First performance: 9 March 1844, Teatro La Fenice, Venice
First performance in:
Even if Verdi was disappointed with the performance at the première ("Guasco had no more voice, he was awfully raucous"; "it is not possible to sing more false notes than Ms. Löwe did"), the opera's popularity, at first only moderate, grew very fast. Even the open disapproval of an angry Victor Hugo, who condemned the way his drama had been arranged by Verdi and Piave, could not slow the opera's storm of all the major and minor theaters of Italy and the world. In the following months Ernani was performed in 14 other Italian cities; it quickly became and remained Verdi's most performed opera until the end of the 1850's. In the period 1844-1859, La Scala in Milan and the San Carlo in Naples each staged Ernani during 8 seasons, totalling 240 performances at those theatres alone!
In the years after 1860 Ernani came to be relegated to the repertoire of the popular and provincial stages, being replaced at the major theaters by newer works. By the turn of the century it was only performed for celebrated singers who had Ernani roles in their own repertoire, especially the baritone Mattia Battistini, known as the greatest interpreter of Carlo. (Verdi called him "The King of the baritones, the baritone of the kings", because of the artistry he brought to aristocratic roles).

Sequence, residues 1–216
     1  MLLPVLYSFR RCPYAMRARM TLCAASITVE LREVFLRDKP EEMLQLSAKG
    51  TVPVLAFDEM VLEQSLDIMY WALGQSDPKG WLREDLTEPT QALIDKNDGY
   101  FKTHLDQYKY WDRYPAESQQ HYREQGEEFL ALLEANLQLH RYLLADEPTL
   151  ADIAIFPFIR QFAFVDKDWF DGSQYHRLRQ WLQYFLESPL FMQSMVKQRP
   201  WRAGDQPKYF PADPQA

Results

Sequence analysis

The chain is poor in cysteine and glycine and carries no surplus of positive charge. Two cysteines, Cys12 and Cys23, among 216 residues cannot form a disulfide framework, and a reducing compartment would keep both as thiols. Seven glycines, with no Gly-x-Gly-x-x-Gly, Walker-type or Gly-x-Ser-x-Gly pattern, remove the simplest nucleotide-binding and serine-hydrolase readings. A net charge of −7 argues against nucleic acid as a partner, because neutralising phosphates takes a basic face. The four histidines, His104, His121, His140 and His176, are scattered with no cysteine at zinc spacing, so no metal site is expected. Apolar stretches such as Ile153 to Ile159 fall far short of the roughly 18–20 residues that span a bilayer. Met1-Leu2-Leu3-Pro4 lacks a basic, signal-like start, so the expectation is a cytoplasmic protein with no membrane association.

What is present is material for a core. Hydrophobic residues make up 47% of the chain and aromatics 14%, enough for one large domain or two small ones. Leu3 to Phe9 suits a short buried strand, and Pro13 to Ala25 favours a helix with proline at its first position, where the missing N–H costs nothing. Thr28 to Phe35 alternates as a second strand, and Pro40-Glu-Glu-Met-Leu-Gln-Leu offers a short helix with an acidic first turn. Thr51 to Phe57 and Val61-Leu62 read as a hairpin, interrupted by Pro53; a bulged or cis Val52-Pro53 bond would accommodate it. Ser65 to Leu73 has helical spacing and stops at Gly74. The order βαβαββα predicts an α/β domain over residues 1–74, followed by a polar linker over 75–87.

Ernani had a brief moment of glory in the 1920's, when it was performed at the Metropolitan with Giovanni Martinelli, Rosa Ponselle, Giuseppe De Luca, and José Mardones. These singers left some wonderful recordings of single arias (see the discography).
In the 1950's Ernani experienced a renewel of interest and began a return to the main repertoire, thanks to conductors like Dimitri Mitropoulos, Thomas Schippers, and Gianandrea Gavazzeni, and singers like Carlo Bergonzi, Mario Del Monaco, and Leontyne Price.
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